At least 17 police officers remain out of work with injuries from the Capitol attack

Nearly five months after the January 6 Capitol riot, at least 17 police officers remain out of work due to injuries sustained during the attack.

At least 10 Capitol Police officers were out with injuries as of Thursday, according to a source on Capitol Hill and at the police union, while as of Friday, seven members of the D.C. Metropolitan Police force remained in a “less than full duty status” due to the events of the riot, a police spokesperson said. 

In total, more than 150 officers were injured in the attack: 86 Capitol Police officers reported injuries, the sources said, along with 65 members of the Metropolitan Police Department, Chief Robert Contee testified in January. Contee also said that even more D.C. police officers sustained injuries they “did not even bother to report,” including scratches, bruises and eyes burned from chemical spray. 

The officers’ lingering injuries add strain to an already understaffed Capitol Police force. A recent inspector general report found the department did not have “adequate resources” to analyze and investigate threats, and a separate security review recommended the police force hire more than 1,000 new officers to address staffing shortages.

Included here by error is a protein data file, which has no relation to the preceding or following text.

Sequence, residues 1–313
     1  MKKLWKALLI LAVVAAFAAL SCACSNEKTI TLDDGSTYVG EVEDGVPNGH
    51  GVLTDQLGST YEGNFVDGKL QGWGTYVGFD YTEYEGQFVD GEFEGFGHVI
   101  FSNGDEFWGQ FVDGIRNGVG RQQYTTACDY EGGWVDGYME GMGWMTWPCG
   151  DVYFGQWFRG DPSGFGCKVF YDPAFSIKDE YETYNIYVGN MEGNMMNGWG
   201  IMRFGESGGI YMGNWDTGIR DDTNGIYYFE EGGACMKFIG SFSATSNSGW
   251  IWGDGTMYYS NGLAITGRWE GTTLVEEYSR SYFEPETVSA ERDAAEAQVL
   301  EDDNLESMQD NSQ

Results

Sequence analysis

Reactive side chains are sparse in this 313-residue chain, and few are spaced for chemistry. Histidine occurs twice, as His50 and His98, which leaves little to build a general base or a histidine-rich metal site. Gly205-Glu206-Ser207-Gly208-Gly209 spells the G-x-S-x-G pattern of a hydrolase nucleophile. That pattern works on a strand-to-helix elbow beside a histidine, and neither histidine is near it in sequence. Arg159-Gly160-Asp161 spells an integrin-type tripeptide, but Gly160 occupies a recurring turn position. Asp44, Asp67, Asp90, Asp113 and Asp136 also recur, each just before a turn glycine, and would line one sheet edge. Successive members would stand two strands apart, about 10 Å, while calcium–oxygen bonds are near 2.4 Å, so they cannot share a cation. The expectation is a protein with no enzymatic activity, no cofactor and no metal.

Violence that day left officers with head wounds, cracked ribs and smashed spinal disks, according to Capitol Police Labor Committee Chairman Gus Papathanasiou. Court documents in the federal criminal investigation describe a number of alleged assaults that sent officers to the hospital. 

One Metropolitan Police officer, identified in court documents only as “A.W.” said he was pulled into the crowd, kicked, hit with poles and stomped on by several individuals. He emerged from the crowd bleeding from his head, with a laceration that required two staples to close.

Riot defendant and former Green Beret Jeffrey McKellop allegedly assaulted four officers, shoving a flagpole into an officer’s face and then throwing it like a “spear,” causing a laceration near the officer’s left eye, prosecutors said. McKellop has pleaded not guilty to the charges.

Officer Mike Fanone, a D.C. Metropolitan police officer, penned a letter in May about his ongoing trauma after he was pulled into a crowd, beaten and repeatedly Tased on January 6. Prosecutors have said that as a result of being attacked in the crowd, Fanone lost consciousness and was subsequently hospitalized for his injuries.

“Since then I have struggled with many aspects of that day. As the physical injuries gradually subsided,” Fanone wrote, “in crept the psychological trauma.”

A congressional source told CBS News, “Keep in mind that PTSD experienced by officers as a result can be reported as injuries after the fact so the number could go up.”

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